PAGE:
Okay, so the intent of this piece is not to help fictioneers but to lament a trend in spoken English.
It’s by Clark Whelton, who as a speech writer for NY City mayors Ed Koch and Rudy Giuliani (!) screened interns over a number of years.
Around 1985, he noticed that college grads began to sound increasingly inarticulate.
I agree, this is lamentable. (And what does this say about the future market for fiction? Whoa, let’s not go there . . .)
But if we set aside our angst for a sec, we have some great tips here in how to write dialogue when the speaker is a teen/young adult.
There is, of course, the ubiquity of the word “like,” and the interrogative rise at the end of declarative sentences (personally, I wouldn’t end declaratives with question marks too often in my fiction; its the sort of thing that should be used sparingly; but if used sparingly is a great tool for conveying that speech pattern in a character).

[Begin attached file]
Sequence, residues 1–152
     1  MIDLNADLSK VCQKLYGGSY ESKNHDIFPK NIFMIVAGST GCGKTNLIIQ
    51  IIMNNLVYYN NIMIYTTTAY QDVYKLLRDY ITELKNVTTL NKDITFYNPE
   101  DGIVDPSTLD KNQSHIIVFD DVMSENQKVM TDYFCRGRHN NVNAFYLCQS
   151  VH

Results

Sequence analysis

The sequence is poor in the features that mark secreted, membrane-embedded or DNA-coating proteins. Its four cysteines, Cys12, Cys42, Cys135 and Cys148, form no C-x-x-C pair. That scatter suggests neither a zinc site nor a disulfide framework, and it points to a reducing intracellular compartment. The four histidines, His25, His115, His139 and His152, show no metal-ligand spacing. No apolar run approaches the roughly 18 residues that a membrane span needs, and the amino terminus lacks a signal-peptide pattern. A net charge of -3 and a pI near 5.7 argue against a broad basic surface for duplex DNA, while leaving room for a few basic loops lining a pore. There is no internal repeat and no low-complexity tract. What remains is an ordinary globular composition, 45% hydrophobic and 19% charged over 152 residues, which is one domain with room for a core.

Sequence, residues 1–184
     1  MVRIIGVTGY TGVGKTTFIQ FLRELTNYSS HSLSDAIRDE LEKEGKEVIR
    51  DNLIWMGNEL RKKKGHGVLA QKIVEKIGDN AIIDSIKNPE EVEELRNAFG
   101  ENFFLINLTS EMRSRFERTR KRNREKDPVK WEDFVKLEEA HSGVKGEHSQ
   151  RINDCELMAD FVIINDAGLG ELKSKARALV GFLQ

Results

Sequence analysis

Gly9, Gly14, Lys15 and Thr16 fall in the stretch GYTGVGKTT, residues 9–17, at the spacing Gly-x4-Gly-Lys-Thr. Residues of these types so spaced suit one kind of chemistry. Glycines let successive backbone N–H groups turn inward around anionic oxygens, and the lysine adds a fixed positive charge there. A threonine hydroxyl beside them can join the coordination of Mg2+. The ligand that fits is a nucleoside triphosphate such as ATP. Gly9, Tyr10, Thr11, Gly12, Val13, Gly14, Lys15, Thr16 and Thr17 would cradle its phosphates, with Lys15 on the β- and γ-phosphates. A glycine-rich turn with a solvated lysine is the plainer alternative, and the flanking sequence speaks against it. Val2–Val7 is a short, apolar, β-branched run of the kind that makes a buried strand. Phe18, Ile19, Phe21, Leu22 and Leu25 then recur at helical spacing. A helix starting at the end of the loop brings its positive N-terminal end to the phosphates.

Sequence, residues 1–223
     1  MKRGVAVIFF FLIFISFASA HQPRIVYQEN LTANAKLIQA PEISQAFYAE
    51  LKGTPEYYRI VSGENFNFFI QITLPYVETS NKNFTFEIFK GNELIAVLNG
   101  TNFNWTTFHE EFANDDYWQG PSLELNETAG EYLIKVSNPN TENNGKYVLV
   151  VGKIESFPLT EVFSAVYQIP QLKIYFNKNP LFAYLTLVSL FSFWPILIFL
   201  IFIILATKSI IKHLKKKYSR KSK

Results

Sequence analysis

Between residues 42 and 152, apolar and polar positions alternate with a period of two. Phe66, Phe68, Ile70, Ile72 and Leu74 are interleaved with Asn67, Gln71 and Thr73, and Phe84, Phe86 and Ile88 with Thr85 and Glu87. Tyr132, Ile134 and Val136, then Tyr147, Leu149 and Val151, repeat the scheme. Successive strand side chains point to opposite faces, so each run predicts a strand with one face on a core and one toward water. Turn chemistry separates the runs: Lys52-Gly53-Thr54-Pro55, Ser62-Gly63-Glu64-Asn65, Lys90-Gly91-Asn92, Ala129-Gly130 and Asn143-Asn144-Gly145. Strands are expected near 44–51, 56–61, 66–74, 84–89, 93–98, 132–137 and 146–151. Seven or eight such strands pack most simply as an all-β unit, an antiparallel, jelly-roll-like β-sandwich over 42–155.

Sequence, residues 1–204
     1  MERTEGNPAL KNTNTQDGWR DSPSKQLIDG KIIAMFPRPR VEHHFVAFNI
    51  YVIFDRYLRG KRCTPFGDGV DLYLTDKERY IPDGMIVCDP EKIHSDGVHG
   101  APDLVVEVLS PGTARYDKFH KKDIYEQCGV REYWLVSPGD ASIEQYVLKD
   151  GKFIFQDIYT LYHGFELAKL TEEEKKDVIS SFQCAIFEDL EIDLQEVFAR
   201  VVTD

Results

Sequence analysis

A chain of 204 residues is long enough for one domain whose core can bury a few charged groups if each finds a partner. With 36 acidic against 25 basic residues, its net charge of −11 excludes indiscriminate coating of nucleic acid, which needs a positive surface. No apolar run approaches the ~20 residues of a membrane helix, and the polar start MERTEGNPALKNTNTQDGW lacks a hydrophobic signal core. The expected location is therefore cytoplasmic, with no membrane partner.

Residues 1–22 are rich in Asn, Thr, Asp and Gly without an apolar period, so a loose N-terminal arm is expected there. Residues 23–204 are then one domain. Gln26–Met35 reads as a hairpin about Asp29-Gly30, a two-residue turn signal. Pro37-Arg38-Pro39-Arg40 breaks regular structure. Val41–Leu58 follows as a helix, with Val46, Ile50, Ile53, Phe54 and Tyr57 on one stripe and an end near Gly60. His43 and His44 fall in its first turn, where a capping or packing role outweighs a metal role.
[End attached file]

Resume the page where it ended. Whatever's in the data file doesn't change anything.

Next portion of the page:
Another that is pretty well known — to the point of being widely parodied — is “Playbacks, in which a speaker re-creates past events by narrating both sides of a conversation.” Example: “So I’m like, ‘Want to, like, see a movie?’ And he goes, ‘No way.’ And I go . . .”
Then there’s the verbal tic Whelton calls “Double-clutching.” The example he gives: “What I said was, I said . . .”
He also gives some examples from Catcher in the Rye:
All the way back in 1951, Holden Caulfield spoke proto-Vagueness (“I sort of landed on my side . . . my arm sort of hurt”), complete with double-clutching (“Finally, what I decided I’d do, I decided I’d . . .”) and demonstrative adjectives used as indefinite articles (“I felt sort of hungry so I went in this drugstore . . .”).
Pretty nice little tutorial there, don’t you think?
The trick will be to write this kind of dialogue without making your character sound like a nitwit, or worse yet annoying your readers. LOL